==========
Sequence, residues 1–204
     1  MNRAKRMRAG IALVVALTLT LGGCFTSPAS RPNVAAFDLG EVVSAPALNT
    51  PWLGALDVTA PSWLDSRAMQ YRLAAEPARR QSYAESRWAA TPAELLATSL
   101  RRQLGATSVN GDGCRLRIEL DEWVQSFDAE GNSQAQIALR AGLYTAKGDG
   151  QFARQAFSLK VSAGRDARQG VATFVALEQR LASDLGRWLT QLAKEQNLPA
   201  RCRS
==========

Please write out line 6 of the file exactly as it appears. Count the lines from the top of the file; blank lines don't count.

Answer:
   201  RCRS